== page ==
As I pointed out in Part 1 of Teaching the Art of Improvisation, teachers are inherent improvisers. They have the uncanny ability to think quickly on their feet. And while they need and have the ability to improvise, it is essential that teachers pass down the art to their students. Providing students with the opportunity to learn the art of improvisation, how to learn, and how to respect it will equip that student to approach the world differently.
I know first hand the impact that the principle of improvisation can have on you. Growing up, I was taught in the rigid and standardized disciplines that are characterized by an unwavering order — disciplines like classical piano, and dances like ballet. While there can be pros to learning the principles taught within these structured environments, there are cons to be had as well. These walls that are built around students’ ability to be flexible often cause anxiety, an unnecessary fear of being wrong, and a constant emphasis on being the best all the time. Zoe Keating talks about how she started in improvisation, after dealing with performance anxiety in classical music, and developed her unique fusion of electronic, classical, and improv music.
Teaching students the art of improvisation is giving them the chance to look at the world differently. It empowers our students with the skills, flexibility, and passion for making a real difference in the world and promoting positive change. We are able to give them a space to say: it is ok if I make a mistake because I can learn from it.
I was first introduced to improvisation as a teenager and, honestly, it changed my life. My entire outlook on life changed because of it. And ever since then, I strive to live my life differently. To live it with flexibility. Improv has shown me (and inspired me to teach my students) that you have the resiliency to face the future. It has also shown me better and more productive ways to collaborate with others that I work with and to teach that collaboration to my students.
The path to improvisation can be likened to the 5 Rhythms dance structure. These main rhythms are different, yet they can be intertwined. One pillar of improvisation is that getting stuck is not the end. Don’t let getting stuck or your students getting stuck lead to bitterness or complaining. That will only sap your motivation.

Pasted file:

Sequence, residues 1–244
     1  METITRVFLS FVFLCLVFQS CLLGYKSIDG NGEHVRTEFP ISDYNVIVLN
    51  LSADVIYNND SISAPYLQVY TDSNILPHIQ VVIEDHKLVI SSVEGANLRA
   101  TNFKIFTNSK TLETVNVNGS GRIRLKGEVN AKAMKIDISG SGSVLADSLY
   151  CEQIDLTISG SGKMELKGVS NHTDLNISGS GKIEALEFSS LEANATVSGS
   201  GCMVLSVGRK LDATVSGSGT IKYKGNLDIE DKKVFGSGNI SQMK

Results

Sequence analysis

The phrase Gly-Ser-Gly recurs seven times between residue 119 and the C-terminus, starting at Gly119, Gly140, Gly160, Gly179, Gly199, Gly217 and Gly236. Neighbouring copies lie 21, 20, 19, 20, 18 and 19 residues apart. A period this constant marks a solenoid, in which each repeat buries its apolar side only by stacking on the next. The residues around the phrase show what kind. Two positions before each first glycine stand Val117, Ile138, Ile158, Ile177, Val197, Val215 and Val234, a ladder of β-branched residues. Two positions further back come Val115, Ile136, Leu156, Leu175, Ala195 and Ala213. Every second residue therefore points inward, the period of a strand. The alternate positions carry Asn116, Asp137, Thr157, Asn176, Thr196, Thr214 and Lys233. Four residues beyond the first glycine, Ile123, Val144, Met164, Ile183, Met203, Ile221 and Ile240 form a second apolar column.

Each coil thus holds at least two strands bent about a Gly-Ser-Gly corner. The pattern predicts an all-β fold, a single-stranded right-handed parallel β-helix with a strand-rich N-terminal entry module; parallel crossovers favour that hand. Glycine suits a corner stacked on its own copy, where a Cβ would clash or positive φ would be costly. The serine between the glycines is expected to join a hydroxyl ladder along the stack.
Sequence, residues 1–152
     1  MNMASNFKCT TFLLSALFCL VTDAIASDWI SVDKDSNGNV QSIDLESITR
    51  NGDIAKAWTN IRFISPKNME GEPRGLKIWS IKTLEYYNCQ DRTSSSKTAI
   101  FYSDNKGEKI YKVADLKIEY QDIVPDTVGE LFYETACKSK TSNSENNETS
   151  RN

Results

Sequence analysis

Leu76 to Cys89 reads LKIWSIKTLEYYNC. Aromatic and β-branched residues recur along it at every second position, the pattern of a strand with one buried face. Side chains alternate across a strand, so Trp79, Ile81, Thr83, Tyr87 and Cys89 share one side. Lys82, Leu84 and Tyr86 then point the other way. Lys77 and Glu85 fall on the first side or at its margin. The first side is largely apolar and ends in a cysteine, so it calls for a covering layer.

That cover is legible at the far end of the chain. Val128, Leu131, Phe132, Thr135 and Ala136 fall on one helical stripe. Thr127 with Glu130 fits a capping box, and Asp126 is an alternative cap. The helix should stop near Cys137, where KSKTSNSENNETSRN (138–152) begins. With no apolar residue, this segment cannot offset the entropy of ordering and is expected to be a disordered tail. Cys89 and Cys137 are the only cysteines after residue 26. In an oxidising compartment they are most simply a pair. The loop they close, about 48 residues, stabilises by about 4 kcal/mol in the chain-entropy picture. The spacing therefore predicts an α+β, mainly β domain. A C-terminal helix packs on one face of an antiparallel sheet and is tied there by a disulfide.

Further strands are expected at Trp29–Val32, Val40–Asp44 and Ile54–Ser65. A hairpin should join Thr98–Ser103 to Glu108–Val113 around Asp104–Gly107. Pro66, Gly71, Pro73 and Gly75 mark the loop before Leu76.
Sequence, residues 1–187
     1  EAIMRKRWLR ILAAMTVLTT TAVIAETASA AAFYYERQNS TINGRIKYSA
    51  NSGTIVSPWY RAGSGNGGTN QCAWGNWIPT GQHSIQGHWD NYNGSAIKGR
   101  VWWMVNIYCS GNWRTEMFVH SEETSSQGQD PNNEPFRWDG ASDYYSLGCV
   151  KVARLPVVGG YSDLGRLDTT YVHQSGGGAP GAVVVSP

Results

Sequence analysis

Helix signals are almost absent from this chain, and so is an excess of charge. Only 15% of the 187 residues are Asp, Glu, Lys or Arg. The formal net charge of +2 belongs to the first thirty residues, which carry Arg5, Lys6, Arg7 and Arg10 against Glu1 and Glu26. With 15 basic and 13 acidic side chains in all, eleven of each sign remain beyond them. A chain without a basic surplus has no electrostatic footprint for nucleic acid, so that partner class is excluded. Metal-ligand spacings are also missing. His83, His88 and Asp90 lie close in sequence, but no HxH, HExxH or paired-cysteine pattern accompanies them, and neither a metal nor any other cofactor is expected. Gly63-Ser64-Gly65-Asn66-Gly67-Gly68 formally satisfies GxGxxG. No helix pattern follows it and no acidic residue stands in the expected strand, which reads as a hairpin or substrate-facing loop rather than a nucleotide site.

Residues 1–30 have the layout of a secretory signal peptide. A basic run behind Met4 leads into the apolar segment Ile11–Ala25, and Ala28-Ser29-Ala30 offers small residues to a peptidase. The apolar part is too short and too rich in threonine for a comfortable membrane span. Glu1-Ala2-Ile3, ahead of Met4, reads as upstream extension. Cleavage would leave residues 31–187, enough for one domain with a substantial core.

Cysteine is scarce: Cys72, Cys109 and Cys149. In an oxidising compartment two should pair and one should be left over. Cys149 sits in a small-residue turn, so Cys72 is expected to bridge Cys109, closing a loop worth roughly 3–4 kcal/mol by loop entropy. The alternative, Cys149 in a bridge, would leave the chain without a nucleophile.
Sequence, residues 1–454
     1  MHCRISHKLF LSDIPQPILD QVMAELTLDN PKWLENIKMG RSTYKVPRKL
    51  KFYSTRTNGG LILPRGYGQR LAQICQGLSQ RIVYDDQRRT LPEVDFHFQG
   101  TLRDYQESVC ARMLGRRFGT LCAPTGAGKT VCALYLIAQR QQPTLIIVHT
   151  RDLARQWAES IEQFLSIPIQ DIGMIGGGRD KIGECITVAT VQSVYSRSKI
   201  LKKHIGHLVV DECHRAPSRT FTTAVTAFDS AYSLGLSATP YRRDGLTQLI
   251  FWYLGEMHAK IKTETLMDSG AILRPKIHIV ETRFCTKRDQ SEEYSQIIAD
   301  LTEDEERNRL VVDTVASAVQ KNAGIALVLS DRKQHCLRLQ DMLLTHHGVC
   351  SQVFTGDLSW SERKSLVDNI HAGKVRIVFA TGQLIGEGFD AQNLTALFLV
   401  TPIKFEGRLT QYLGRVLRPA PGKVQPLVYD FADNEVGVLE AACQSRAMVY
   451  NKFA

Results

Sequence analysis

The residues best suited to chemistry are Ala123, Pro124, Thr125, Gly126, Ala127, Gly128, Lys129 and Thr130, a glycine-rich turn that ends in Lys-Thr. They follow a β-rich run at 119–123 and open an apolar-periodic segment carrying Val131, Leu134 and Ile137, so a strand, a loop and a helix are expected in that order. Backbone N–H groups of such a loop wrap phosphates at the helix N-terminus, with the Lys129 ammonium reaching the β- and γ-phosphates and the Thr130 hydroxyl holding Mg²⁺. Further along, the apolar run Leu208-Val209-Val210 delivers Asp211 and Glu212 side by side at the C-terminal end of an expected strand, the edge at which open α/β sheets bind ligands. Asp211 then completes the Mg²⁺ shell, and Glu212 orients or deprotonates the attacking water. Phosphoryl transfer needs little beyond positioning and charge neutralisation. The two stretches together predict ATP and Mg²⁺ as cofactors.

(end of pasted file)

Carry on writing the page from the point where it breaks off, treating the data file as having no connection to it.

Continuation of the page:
The first rhythm, in 5 Rhythms, is a flowing dance, which is characterized by a very calm state and slow, smooth movements. It is methodical and driven like an educational routine. If you contrast that to the second rhythm, a staccato type dance with short, quick movements, you are presented with something very different. You are confronted with friction – the thought that something in the routine is not quite right and the drive to take action and create change. In life, this looks like noticing that something is not quite working and feeling the motivation to change it.
These staccato moments can lead to the feeling of being stuck that I talked about and further lead to the third rhythm, a chaotic state. While the traditional classroom model, with its structure and poise, is very well-intentioned, it can often exacerbate this chaotic state. That is when it is important to adopt the fourth rhythm: a lyrical, improvisational approach to your student’s education. You can coalesce the chaos in something new. Something beautiful. And solidify your student’s education in a new way.
The fifth rhythm is another essential rhythm for teachers, which is stillness. The ability to stop, take a moment, and reflect on their experience. The time that a teacher takes to pause and assess will not only benefit them, but their students as well.
Teachers are born improvisers, and it is our charge to instill this invaluable trait, as exemplified by the 5 Rhythms, in our students. Let us teach our students that the rhythm of life requires flexibility, passion, and fresh eyes.